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Page added on June 26, 2012

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Should we Still be Concerned with Peak Oil?

Should we Still be Concerned with Peak Oil? thumbnail

With oil prices falling precipitously, this seems like a good time to reassess the widely anticipated phenomenon known as peak oil. How much of a threat is it as we look into the future?

There are basically two camps about the peak of global oil production.

•    Cornucopians — Not only is the glass half-full, it is brimming over. There is no threat whatsoever to industrial civilizations. The Stone Age didn’t end because we ran out of stones.
•    Doomers — The glass is half-empty and we’re draining it fast. Industrial civilizations are going to collapse soon because there won’t be enough oil to go around. A new Stone Age is right around the corner.

Both these “schools of thought” are wildly incorrect. It’s not an accident that this kind of dichotomy exists. It’s not an accident that these opposed views closely resemble the political squabbles so prevalent in the United States today. You know, Progressives versus Conservatives … blah, blah, blah. These are emotionally-based positions which have little to do with Reality. Naturally there are many more Cornucopians than there are Doomers because mindless optimism is the default human position (mistake) in all matters, not just oil.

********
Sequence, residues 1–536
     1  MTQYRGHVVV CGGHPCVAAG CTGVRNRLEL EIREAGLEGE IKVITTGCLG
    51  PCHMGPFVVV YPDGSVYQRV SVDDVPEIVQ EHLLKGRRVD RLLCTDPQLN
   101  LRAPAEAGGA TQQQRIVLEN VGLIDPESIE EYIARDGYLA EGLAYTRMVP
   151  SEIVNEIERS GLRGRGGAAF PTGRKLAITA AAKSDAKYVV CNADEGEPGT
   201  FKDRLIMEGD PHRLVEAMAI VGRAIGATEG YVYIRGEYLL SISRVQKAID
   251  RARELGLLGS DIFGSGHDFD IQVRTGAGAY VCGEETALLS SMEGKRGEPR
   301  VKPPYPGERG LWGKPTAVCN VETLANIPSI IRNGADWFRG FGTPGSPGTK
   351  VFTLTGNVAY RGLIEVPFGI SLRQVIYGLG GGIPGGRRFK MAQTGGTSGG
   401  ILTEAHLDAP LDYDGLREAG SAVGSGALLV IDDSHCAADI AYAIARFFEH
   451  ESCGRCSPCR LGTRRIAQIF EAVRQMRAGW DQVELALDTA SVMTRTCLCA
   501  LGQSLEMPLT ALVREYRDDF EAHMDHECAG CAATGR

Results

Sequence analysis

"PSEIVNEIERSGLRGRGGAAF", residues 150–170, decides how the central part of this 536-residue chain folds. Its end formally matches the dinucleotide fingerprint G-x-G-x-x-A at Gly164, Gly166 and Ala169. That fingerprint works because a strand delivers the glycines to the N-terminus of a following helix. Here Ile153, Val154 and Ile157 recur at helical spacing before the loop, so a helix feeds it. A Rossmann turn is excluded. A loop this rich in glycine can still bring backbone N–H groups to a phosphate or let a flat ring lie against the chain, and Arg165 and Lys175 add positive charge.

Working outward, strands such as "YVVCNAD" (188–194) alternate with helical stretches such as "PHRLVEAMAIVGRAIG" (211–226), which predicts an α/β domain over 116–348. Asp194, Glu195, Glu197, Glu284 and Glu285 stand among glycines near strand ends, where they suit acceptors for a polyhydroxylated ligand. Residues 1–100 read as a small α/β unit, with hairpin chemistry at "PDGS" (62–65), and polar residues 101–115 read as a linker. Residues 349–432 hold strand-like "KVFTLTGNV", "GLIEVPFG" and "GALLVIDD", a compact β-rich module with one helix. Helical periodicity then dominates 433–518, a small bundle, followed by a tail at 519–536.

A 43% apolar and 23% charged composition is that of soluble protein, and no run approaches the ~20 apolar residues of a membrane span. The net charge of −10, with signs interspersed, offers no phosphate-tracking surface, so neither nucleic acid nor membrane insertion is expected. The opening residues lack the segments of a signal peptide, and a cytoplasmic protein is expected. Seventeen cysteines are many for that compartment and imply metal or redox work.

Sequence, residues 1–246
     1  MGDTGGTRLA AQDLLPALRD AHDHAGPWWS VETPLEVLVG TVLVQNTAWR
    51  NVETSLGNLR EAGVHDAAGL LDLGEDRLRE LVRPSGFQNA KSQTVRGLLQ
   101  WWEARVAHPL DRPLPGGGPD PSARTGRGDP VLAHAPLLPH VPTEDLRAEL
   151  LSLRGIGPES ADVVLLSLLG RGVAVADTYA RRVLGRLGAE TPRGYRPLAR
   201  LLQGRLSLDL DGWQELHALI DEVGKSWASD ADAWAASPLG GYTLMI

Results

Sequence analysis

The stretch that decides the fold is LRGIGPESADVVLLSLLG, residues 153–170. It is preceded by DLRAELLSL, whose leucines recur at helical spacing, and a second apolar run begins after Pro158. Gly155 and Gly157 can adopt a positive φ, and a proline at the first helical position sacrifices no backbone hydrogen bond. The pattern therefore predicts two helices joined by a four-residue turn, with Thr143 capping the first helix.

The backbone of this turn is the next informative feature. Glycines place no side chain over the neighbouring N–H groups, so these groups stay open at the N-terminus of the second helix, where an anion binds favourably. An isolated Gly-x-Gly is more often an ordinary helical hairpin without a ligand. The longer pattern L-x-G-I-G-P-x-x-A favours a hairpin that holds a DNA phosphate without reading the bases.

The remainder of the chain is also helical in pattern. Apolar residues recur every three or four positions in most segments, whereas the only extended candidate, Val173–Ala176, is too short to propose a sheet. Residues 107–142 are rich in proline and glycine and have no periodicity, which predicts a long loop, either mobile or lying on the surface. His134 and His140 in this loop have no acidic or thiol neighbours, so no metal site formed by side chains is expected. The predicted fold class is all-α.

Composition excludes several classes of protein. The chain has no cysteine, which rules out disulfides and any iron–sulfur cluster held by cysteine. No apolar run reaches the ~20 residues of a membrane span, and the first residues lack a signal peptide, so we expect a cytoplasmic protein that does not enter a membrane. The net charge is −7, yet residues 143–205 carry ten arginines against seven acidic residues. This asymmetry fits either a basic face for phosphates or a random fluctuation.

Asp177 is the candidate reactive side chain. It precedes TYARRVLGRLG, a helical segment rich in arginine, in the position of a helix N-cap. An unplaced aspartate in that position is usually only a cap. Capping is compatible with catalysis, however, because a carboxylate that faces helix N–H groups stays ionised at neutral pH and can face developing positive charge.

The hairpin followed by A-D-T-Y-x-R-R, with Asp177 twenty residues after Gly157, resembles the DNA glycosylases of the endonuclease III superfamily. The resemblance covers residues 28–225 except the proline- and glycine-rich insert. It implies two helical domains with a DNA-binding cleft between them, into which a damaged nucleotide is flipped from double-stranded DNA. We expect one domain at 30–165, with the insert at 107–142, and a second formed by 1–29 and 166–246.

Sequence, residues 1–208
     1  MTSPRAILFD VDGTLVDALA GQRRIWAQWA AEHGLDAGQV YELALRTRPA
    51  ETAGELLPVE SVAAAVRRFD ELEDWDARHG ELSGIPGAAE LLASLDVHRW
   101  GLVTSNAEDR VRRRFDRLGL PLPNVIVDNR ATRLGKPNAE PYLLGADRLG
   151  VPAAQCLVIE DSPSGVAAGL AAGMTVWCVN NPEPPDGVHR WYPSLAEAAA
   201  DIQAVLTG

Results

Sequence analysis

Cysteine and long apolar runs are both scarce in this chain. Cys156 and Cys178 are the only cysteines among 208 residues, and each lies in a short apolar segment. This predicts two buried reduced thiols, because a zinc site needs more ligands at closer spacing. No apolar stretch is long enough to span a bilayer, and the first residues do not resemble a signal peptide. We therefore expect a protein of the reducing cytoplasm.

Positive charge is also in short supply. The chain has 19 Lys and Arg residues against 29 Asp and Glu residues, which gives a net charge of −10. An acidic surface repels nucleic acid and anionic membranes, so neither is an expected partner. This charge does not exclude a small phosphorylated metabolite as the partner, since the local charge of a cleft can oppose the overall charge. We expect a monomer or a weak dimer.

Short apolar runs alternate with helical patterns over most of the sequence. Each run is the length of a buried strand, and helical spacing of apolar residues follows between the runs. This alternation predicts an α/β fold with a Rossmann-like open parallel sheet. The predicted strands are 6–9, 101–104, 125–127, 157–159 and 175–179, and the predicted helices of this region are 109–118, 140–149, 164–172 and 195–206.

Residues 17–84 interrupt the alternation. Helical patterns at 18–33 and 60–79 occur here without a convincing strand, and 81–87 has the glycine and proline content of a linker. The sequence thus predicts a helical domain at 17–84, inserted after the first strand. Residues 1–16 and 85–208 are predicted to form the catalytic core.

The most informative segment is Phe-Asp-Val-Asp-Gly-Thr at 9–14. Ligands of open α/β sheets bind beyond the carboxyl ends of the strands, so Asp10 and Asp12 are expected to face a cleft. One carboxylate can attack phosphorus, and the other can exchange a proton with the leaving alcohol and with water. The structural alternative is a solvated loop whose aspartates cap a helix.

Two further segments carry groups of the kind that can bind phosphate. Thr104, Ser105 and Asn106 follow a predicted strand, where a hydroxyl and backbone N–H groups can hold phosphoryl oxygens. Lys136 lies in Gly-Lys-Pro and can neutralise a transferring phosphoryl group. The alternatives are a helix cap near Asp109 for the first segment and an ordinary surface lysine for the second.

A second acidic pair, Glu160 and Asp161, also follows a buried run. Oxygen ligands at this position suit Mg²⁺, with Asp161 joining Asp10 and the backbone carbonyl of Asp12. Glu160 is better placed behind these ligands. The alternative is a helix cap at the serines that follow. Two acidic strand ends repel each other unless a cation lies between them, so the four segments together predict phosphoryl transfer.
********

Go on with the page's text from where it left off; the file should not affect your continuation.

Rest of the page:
I can demolish both positions in two sentences.

•    Cornucopians do not know how to subtract.
•    Doomers do not know how to add.

Of course when I say these people don’t know how to add or subtract, I am describing the psychological requirements of these groups. Cornucopians cannot acknowledge that oil fields peak and decline, and that global oil production might do the same. Doomers cannot acknowledge that technology, exploration and wars in Iraq bring new resources on-stream. By and large, members of both groups know bugger all about the global oil industry.

Every other week, I describe some aspect of the upstream oil industry in my Saturday Oil Report. (The latest one was published yesterday.) Few people read these reports or learn anything from them because they already know in advance, unencumbered by data and its reasonable interpretation, what the peak oil outcome is going to be. (Some people do read these reports and learn from them, for which I am grateful.)

With respect to oil, as in all human politics, people fall into opposed camps. Their irrational beliefs about peak oil (or anything else) maintain group membership and coherence, and bolster their pre-conceived (but unconscious) psychological preferences. They are not trying to align their beliefs with Reality—that’s not what people do. See my recent post Homo Sapiens — The Storytelling Animal. In short, Cornucopians or Doomers have got a story and they’re sticking to it. Nobody reading this thinks people are rational problem-solvers, right?